I’m spending most of my waking hours, and the ones during which time I should be sleeping, waylaid by Japan’s lovely August humidity – and also on novel #3 – Who is Killing the Great Capes of Heropa? The current pitch is this:
Heropa: a vast, homogenized city patrolled by superheroes and populated by the adoring masses. A perfect place a lifetime away from the rain-drenched, dystopic metropolis of Melbourne. So, who is killing the great capes of Heropa?
Yep, as you can figure out, the Capes are superheroes. Kind of. It’s set in the future Melbourne dystopia of Tobacco-Stained Mountain Goat (without being a sequel) where the only escapism is a computer game wherein people play out the role of superhero/villain. All fun and games until someone starts knocking off these superheroes… hence the mystery.
Thing is I’m just past the half-way mark of writing the thing, so I’m sure there’ll be more twists and turns to come that I have no idea about at this stage. I just today changed my mind regarding tone – I had a dramatic segment set for the finale, which worked (I thought) as author, but detracted from the over all tone of the project. The simple fun of the comic. While it’s shaping up as a wink, aesthetically speaking, to the Golden Age of comics in the 1930s/’40s (one of my favourite periods for the noir, pulp, movies and cars) this is definitely more of an homage to the classic 1960s work of Stan Lee and Jack Kirby at Marvel – and still gets to poke fun at the auspices of the Comics Code Authority.
I’m also looking at the ways in which artwork can compliment this story.
Anyway, enough rambling here. I need to get stuck back into the manuscript, if I can only ignore the fiendish cicada outside the window that sounds like a malfunctioning dentist’s drill.
Anyone who knows me (or my wayward writing) would be vaguely aware that I dig my noir. So I’m kind of kicking myself I can’t head off to NoirCon 2012, which’ll be taking place in Philadelphia from November 8th-11th with such special guests Lawrence Block, Otto Penzler, Robert Olen Butler and Charles Benoit.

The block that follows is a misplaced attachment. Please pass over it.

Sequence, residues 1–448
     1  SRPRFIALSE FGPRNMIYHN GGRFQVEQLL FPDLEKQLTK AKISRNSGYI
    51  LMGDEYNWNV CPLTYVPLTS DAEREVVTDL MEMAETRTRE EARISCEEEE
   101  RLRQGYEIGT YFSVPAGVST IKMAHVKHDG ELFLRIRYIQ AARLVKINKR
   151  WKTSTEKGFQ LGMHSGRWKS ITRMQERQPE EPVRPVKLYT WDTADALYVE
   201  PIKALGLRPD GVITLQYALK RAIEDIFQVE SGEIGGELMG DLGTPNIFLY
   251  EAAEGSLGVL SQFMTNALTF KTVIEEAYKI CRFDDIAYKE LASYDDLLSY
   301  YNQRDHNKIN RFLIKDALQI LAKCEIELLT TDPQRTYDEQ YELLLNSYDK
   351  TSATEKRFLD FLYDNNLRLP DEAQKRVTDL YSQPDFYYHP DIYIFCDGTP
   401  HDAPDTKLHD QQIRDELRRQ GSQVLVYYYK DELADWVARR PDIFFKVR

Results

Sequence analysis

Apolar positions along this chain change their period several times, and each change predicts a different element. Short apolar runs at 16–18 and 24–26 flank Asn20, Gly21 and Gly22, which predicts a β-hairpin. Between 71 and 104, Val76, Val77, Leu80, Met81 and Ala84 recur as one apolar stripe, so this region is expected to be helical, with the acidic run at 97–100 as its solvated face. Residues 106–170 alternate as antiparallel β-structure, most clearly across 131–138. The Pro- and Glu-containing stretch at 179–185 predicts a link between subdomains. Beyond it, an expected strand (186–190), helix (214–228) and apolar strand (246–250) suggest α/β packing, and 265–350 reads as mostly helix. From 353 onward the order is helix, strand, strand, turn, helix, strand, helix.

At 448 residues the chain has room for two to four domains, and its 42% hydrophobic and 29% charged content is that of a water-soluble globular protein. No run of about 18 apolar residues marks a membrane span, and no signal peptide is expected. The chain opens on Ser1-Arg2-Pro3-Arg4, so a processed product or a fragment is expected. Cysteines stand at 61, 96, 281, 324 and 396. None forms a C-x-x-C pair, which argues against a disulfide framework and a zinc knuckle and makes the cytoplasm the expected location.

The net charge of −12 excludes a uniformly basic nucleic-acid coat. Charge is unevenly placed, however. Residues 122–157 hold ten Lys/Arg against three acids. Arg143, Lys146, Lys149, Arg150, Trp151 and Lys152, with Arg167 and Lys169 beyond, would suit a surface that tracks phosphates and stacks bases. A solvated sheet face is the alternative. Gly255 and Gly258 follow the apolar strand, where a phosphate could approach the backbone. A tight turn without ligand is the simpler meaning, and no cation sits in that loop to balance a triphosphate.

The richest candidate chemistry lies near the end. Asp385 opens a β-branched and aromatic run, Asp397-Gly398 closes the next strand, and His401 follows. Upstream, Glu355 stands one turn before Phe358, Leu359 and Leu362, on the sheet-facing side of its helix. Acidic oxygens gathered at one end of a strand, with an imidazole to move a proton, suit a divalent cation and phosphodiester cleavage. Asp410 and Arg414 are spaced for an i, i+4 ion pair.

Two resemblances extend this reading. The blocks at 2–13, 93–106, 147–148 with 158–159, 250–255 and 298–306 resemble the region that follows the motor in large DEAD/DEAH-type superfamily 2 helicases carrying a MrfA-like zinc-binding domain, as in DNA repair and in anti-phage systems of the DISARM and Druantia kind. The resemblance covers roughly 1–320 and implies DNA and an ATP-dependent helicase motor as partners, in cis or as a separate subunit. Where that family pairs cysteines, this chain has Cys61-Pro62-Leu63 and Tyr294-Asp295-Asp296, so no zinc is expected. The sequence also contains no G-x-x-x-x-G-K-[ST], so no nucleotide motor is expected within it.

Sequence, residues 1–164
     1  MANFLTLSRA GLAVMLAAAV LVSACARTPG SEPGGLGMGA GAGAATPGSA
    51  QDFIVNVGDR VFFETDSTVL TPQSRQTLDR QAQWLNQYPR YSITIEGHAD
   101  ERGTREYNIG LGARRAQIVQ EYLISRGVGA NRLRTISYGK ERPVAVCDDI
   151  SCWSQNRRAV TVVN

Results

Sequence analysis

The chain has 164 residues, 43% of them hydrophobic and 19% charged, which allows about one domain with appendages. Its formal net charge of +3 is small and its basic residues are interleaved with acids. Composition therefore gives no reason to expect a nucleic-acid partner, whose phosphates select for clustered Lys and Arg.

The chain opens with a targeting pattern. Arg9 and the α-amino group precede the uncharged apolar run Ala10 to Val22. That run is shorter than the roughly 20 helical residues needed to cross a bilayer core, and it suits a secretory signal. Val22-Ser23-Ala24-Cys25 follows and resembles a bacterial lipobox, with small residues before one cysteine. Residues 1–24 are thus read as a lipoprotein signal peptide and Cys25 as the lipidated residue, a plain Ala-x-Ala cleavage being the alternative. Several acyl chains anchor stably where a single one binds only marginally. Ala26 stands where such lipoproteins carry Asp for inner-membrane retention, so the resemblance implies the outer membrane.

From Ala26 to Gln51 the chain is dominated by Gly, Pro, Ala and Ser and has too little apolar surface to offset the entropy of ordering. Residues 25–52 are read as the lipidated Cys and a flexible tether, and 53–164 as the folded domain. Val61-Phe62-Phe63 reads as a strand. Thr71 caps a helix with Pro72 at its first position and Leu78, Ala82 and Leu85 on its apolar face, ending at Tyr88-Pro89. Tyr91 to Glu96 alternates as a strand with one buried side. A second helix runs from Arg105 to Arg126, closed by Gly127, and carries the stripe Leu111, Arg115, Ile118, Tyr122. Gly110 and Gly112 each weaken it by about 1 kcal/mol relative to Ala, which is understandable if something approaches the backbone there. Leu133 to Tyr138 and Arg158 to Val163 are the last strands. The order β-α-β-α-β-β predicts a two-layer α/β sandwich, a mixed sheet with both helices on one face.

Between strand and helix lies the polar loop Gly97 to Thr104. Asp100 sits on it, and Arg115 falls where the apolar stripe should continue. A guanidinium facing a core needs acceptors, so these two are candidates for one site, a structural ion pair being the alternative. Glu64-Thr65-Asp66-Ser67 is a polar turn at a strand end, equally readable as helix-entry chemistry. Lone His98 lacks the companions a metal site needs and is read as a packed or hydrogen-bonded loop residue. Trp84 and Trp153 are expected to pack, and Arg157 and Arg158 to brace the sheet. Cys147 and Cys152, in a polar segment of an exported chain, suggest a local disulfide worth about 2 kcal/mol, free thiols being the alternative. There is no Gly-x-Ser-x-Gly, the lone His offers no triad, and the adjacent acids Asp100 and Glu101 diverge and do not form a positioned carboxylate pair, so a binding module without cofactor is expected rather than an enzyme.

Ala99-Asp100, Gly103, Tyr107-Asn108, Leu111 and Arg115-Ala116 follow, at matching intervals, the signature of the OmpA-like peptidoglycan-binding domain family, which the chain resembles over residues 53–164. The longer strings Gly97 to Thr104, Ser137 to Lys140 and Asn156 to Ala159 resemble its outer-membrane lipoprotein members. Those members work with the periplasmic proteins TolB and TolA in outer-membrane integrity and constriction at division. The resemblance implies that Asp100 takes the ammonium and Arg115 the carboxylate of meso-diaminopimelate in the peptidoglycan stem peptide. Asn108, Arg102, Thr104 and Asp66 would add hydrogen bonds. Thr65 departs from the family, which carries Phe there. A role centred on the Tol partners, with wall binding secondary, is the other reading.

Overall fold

I’ve decided to contribute something to NoirCon’s charity event which benefits Project H.O.M.E, dedicated to helping the homeless. Basically whoever donates $100 to the charity can name and describe a supporting character in the novel The Mercury Drinkers – man/woman, personality (disorders), idiosyncrasies, dress-sense, you name it. Anything goes.
The Mercury Drinkers is shaping up to be a mystery/crime/procedural in the vein of Chandler/Hammett, obviously placed in an “alien” landscape as far as possible from 1930s/’40s San Francisco or Los Angeles. Having lived in Tokyo since 2001, I (hope) I have a fairly good grasp of the place and its people – although the narrator is an Australian journalist, who stumbles across the controversy (and resultant cover-up) that relates to the industrial mercury poisoning of a Japanese fishing village in the 1950s and ’60s. This, in itself, is based on the events that happened in Minamata in Japan, though of course from a fictionalized standpoint in the novel – which will be a dialogue-based noir/hardboiled story, complete with yakuza, geisha, guns, and the influences of directors like Akira Kurosawa, Seijun Suzuki, and Shunya Itō.
Ta to Stefan @ Forces Of Geek for supporting this as well.
Speaking of Forces Of Geek, I have a monthly column there and just wrote something about Jin-Roh: The Wolf Brigade (1999), one of the most underrated anime offerings of all time.
Kiddie stuff this most certainly is not.
With big gun anime production houses Production I.G and Bandai Visual working together here (along with one Mamoru Oshii of Ghost in the Shell fame) there was never any real doubt about the grown-up nature of this material or the quality of the animation.
Add to the military hardware and action a tall, dark, silent-type protagonist, a mysterious, unlikely femme fatale who’s a member of a terrorist organization, government-condoned death squads, post-modern German World War 2 helmets, gasmasks, full-on body armour, and – hidden amidst all this – some overt references to the Little Red Riding Hood fairy tale.
You’ll find gallons of action, philosophical undertones, and sizable armaments involved – set alight with manic abandon. You can find out more about this rather spiffing feature movie here.
Meanwhile, the very cool K.A. Laity is right now putting together an anthology called Weird Noir. I’m working on my submission, but she says she’s open to others.
The perimetres? “On the gritty backstreets of a crumbling city, tough dames and dangerous men trade barbs, witticisms and a few gunshots. But there’s a new twist where urban decay meets the eldritch borders of another world: WEIRD NOIR, featuring thugs who sprout claws and fangs, gangsters with tentacles and the occasional succubus siren. The ambience is pure noir but the characters aren’t just your average molls and mugs — the vamps might just be vamps. It’s Patricia Highsmith meets Shirley Jackson or Dashiell Hammett filtered through H. P. Lovecraft. Mad, bad and truly dangerous to know, but irresistible all the same.”
Writers already confirmed for the collection include Richard Godwin, Joyce Chng, Paul D. Brazill and Jason Michel. Find out more.
Just a reminder too that we haven’t forgotten about our own noir/apocalyptic anthology The Tobacco-Stained Sky, which will be released in collusion with Another Sky Press in 2013. It’s currently in the editing phase, but I’ve stuck online some snippets of the comic art that will appear therein – you can check ’em out here.
Lastly, if you haven’t discovered this gold doubloon of a web-comic yet, you should – hilarious and suave superhero stuff by Denver Brubaker: Tales of a Checkered Man.
Now, back to that book thing.